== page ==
Cent Eur Neurosurg 2005; 66(1): 7-8
DOI: 10.1055/s-2004-836229

© Georg Thieme Verlag Stuttgart · New York

Commentary on the Article of A. Raabe, J. Beck, V. Seifert: Technique and Image Quality of Intraoperative Indocyanine Green Angiography During Aneurysm Surgery Using Surgical Microscope Integrated Near-Infrared Video Technology

Kommentar zur Arbeit von A. Raabe, J. Beck, V. Seifert: Technik und Bildqualität der operationsmikroskop-integrierten Indozyaningrün-VideoangiographieJ. Hernesniemi1 , M. Niemelä1 , R. Kivisaari1 , M. Porras1 , A. Karatas1 , K. Ishii1
  • 1Department of Neurosurgery, UH of Helsinki, Helsinki, Finland
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Publication History

Publication Date:
02 March 2005 (online)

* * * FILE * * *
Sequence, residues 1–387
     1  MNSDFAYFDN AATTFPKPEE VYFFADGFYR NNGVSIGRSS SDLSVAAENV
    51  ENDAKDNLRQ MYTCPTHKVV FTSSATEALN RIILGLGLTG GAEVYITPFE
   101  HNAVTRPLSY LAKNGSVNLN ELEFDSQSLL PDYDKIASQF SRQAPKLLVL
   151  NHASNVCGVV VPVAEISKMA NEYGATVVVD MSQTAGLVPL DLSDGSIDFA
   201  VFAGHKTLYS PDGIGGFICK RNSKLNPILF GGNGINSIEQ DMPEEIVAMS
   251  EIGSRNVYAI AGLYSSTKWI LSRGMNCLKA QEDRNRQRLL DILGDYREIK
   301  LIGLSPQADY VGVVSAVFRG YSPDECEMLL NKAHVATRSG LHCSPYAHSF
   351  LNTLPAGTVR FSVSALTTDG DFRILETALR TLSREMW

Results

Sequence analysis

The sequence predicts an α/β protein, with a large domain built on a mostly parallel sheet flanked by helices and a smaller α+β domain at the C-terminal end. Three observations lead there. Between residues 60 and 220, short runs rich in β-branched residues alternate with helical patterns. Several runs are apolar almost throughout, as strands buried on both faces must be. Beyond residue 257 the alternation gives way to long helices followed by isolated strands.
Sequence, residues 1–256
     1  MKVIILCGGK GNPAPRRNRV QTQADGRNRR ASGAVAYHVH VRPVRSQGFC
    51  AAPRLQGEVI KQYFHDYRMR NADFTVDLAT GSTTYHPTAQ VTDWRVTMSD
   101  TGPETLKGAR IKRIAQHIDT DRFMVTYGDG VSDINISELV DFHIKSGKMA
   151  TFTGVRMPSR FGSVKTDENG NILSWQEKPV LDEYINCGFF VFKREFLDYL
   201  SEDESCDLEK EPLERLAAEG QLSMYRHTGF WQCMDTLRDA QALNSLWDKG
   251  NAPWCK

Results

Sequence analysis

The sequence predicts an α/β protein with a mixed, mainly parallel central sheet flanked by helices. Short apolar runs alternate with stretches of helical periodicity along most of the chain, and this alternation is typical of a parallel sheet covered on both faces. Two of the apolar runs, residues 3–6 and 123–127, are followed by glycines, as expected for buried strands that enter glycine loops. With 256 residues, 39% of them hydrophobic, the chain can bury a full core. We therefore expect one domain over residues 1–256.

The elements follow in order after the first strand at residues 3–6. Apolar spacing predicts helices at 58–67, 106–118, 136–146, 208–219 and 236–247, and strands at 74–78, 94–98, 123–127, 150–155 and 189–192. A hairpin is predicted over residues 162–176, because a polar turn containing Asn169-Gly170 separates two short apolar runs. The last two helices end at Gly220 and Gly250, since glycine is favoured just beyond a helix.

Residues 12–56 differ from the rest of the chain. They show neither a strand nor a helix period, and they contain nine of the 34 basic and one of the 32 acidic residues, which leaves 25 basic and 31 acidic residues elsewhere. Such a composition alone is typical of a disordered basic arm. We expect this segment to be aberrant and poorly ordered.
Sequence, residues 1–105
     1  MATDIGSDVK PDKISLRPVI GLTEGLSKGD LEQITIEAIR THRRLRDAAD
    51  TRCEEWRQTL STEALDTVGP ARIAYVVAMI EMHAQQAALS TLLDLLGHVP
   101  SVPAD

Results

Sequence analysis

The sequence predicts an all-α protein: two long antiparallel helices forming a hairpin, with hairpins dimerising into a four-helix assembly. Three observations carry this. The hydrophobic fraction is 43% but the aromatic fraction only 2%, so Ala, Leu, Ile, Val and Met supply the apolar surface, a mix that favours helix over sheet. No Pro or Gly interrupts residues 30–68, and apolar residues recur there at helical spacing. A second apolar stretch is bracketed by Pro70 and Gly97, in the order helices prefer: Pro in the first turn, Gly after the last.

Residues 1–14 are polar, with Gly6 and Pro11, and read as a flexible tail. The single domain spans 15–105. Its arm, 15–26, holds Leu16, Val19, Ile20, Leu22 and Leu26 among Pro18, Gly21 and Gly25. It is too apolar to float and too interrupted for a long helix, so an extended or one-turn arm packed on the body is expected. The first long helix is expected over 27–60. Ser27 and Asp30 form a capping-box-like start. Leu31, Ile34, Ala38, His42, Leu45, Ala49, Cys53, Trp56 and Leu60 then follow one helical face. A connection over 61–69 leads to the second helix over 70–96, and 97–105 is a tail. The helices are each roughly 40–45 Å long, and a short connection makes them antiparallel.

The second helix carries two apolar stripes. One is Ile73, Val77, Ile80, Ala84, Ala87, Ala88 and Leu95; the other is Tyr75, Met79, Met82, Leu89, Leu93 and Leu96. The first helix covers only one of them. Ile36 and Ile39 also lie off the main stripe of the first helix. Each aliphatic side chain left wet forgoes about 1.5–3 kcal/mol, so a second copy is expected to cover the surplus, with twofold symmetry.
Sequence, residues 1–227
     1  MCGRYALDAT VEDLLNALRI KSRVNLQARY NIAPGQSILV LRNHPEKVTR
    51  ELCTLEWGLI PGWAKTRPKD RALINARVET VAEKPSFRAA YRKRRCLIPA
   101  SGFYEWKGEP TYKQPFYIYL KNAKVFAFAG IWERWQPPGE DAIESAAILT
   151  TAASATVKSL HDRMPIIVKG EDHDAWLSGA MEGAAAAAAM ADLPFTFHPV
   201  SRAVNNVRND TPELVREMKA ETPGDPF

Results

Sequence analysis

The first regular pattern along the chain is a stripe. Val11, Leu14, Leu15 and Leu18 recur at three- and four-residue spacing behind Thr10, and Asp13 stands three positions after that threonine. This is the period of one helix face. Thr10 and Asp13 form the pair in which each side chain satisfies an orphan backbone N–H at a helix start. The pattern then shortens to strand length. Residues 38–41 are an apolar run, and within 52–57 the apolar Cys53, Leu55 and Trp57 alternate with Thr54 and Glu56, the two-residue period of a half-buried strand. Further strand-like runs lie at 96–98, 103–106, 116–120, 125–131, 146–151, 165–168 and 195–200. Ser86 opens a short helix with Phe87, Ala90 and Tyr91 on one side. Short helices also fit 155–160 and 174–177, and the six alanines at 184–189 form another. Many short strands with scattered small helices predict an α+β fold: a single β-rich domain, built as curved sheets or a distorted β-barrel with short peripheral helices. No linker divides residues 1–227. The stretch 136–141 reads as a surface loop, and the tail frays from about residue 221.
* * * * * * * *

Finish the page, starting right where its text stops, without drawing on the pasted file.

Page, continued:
An incompletely treated aneurysm may re-grow and lead to recurrent symptoms of hemorrhage or mass effect. The rebleeding rate of aneurysms with residual necks is between 3.5 % and 28 %; in the very long-term follow-up in extremely complex aneurysms operated on by Drake and Peerless the rebleeding rate was 10 %. Aneurysm re-growth has been reported to occur in 3.5 to 15 % of patients. The high rebleeding rate in the long term, i. e. 10-20 years, emphasizes the importance of perfect clipping (and nowadays also of complete occlusion by endovascular means). But also aneurysms with perfect clip placement may rupture or re-grow with mass effect and this was also our experience over the long term in Finland, a country with the possibility of carrying out long-term follow-ups and a country with a large number of patients with cerebral aneurysms (The Kuopio and Helsinki total experience is > 11 000 patients, close to 500 new cerebral aneurysm patients annually are seen in these two centers).